As computers have advanced over the past few decades, researchers have been able to work with larger and more complex datasets than ever before. The science of using computers to investigate biological data is called bioinformatics, and it’s helping scientists make important discoveries, such as finding versions of genes that affect a person’s risk for developing various types of cancer. Many scientists believe that almost all biologists will use bioinformatics to some degree in the future.
However, bioinformatics isn’t always included in college biology programs, and many of today’s researchers received their training before bioinformatics was widely taught. To address these gaps, the bioinformatics cores of the five Northeast IDeA Networks of Biomedical Research Excellence (INBREs)—located in Maine, Rhode Island, Delaware, Vermont, and New Hampshire—have worked together to offer basic bioinformatics training to students and researchers. The collaboration started in 2009 with a project where researchers sequenced the genome of a fish called the little skate (Leucoraja erinacea) and used the data to develop trainings.
“What we’re trying to do is support the students’ attachment to being a scientist, to becoming part of the community,” says Douglas McMahon, Ph.D., the Stevenson Professor of Biological Sciences at Vanderbilt University in Nashville, Tennessee, and a co-director of Vanderbilt’s Maximizing Access to Research Careers (MARC) program. MARC focuses on undergraduates from diverse backgrounds who are in the biomedical sciences and plan to pursue a Ph.D. or M.D./Ph.D. degree after graduation.
For years, NIGMS has funded MARC programs throughout the United States and its territories; Vanderbilt joined their ranks in 2020. In June of that year, Dr. McMahon and Katherine Friedman, Ph.D., an associate professor of biological sciences at Vanderbilt and co-director of its MARC program, welcomed the initial cohort of six rising juniors. “MARC is a great opportunity because it focuses on helping people reach their Ph.D. goals who don’t really have others around them who know how to get there,” says Sim Plotkin, a molecular and cellular biology major. “For me, that’s really helpful because I’ll be the first in my family to graduate from college.”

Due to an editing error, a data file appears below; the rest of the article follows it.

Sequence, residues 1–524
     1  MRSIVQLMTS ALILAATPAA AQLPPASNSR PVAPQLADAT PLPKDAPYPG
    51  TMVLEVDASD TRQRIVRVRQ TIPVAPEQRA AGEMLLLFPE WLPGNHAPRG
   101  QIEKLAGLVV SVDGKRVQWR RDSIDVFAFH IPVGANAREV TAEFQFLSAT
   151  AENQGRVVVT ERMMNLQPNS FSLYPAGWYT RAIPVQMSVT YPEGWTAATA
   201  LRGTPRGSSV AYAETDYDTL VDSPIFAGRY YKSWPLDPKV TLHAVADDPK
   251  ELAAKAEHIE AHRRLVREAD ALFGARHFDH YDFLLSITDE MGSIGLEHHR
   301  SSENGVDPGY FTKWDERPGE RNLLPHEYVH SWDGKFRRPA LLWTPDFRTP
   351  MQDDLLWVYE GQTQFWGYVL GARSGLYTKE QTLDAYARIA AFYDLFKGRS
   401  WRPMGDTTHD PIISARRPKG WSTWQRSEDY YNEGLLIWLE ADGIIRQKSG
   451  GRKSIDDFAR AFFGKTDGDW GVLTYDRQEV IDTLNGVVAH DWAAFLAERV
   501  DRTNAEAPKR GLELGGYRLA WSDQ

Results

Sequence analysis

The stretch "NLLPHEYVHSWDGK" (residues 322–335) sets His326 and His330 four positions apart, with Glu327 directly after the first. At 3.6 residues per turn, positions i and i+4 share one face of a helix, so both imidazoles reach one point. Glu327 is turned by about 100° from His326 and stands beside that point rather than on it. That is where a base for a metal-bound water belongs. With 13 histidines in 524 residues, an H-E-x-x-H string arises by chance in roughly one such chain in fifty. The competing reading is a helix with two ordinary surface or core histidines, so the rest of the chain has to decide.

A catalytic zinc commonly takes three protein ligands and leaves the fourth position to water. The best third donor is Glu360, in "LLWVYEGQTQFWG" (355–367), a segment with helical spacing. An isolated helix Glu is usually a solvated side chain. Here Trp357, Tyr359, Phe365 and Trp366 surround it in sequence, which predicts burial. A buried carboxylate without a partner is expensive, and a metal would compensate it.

During our Starting Your Own Lab webinar, attendees asked so many insightful questions that we ran out of time to respond to all of them. So we asked nine NIGMS early career investigators to tackle the most popular ones in short videos, which were featured on our social media. Now, you can watch the whole series on our YouTube channel.
“There’s knowledge to seize in Puerto Rico, and our program is letting students know that they have a really important role to play in solving local problems, that they are part of the solution,” says Isar P. Godreau, Ph.D., a researcher at the University of Puerto Rico (UPR) Cayey Institute of Interdisciplinary Research.
Dr. Franco-Ortiz (second from right) with students during a Coaching for Resiliency workshop session. Credit: Ivonne Bayron-Huertas, Ph.D.
Furthering NIGMS’ goals to create a highly skilled and diverse biomedical workforce, UPR IPERT provides undergraduate students from economically disadvantaged families with skills development and mentoring opportunities. One of the program’s main components is a series of Coaching for Resiliency workshops, which cover topics such as dealing with stress, managing family expectations, and handling financial challenges. A coach leads each group that includes about 10 to 15 first-year students and half as many second-year or higher students who act as peer mentors.
The coaching sessions help students connect with one another and with mentors. “One of the main accomplishments beyond the numbers is the power of networking,” says Dr. Franco-Ortiz. “The power of networking at different levels—from student mentors and faculty mentors at the UPR campus as well as abroad—is so crucial in terms of helping students who are looking for next steps.”
“Each person has something that they uniquely want to do, and as a mentor, you have to help uncover that,” says Angela Wandinger-Ness, Ph.D., the Victor and Ruby Hansen Surface Endowed Professor in Cancer Cell Biology and Clinical Translation in the department of pathology at the University of New Mexico (UNM) School of Medicine. “You have to put opportunities in front of them. You see what excites them, and then you steer them.” Dr. Wandinger-Ness is among this year’s honorees of the Presidential Award for Excellence in Science, Mathematics and Engineering Mentoring (PAESMEM).
Dr. Wandinger-Ness (left) with former undergraduate trainee Amber Rauch (center) and current Ph.D. trainee Melanie Rivera. Credit: Angela Wandinger-Ness, Ph.D.
The PAESMEM was established by the White House in 1995. This year, recipients were honored during a virtual awards ceremony. Each awardee received a grant from the National Science Foundation, which manages the PAESMEM on behalf of the White House Office of Science and Technology Policy.